sources. My recorder held information from both meetings, which I would use when I went home to compose the stories. I called my fiancé from school, telling him that I loved him. When he asked if my seatbelt was on, I assured him it was but I don’t remember putting it on. In fact, I never drove without it. Little to my knowledge, less than an hour later, emergency room professionals wouldn’t question if it had been there. It would be firmly imprinted on my chest.

I started out on the road. It was around 8:50 p.m. and the night was clear. I eagerly watched for deer on the two-lane country road but saw none. The road was empty, except for the few cars beside me. My cell phone was in the passenger seat—a black phone in a black case. At the time, it was an Android phone. It was slow, but it got the job done. I planned on getting a new phone later on. When I hung up the call with my fiancé, my phone landed on the seat. Talking and driving is just not my thing; I prefer not to be distracted.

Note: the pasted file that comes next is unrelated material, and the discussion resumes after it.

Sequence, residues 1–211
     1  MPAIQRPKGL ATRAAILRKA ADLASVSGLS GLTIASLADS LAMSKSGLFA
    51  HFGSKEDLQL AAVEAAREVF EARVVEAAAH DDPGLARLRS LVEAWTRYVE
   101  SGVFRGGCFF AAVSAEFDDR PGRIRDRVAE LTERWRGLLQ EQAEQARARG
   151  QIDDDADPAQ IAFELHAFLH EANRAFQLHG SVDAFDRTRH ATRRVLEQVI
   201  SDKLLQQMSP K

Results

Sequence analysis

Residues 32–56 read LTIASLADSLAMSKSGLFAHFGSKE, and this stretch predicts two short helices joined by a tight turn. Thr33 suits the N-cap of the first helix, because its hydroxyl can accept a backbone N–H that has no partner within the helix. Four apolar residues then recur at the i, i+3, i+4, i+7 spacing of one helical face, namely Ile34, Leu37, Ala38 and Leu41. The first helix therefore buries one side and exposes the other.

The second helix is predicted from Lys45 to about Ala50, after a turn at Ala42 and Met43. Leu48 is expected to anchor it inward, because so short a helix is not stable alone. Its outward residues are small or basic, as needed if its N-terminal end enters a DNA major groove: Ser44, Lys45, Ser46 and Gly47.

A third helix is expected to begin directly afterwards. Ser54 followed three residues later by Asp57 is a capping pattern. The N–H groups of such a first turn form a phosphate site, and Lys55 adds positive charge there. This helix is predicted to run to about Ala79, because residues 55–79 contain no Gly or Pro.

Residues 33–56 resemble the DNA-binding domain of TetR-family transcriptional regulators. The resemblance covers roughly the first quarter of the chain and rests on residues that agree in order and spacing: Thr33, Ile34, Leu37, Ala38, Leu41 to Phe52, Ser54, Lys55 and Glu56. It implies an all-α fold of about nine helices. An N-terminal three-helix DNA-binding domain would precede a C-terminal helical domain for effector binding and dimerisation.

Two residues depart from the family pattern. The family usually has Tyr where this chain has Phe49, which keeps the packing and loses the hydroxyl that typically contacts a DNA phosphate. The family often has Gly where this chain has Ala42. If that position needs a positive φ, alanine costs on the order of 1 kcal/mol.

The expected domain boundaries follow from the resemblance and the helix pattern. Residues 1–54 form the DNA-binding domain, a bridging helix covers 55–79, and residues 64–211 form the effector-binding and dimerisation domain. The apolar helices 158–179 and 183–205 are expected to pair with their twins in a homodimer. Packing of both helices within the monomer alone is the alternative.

Let me back up a little, giving a more in-depth back-history of medical issues that have caused headaches and insomnia over my driving. I’ve had seizures ever since before I was able to walk. I have a mixture of them, actually, ranging from absence seizures—where my brain checks out—to what I call grand finale seizures. The medical term is Grand Mal seizure, which is characterized by losing muscle control and dropping to the floor like a rag doll.

With any good sense, I should not have gotten my license at all. Looking back, I have a long laundry list of car accidents that can be directly or indirectly traced back to seizures. While I probably shouldn’t have been driving, it gave me a sense of independence. I was free to come and go just like anyone else.

Just before nine o’clock, the call came into my fiancé from a bystander at the accident. He didn’t know at the time that our lives had been steered off course, but over time, it would put us on a journey in which our bond has become much tighter.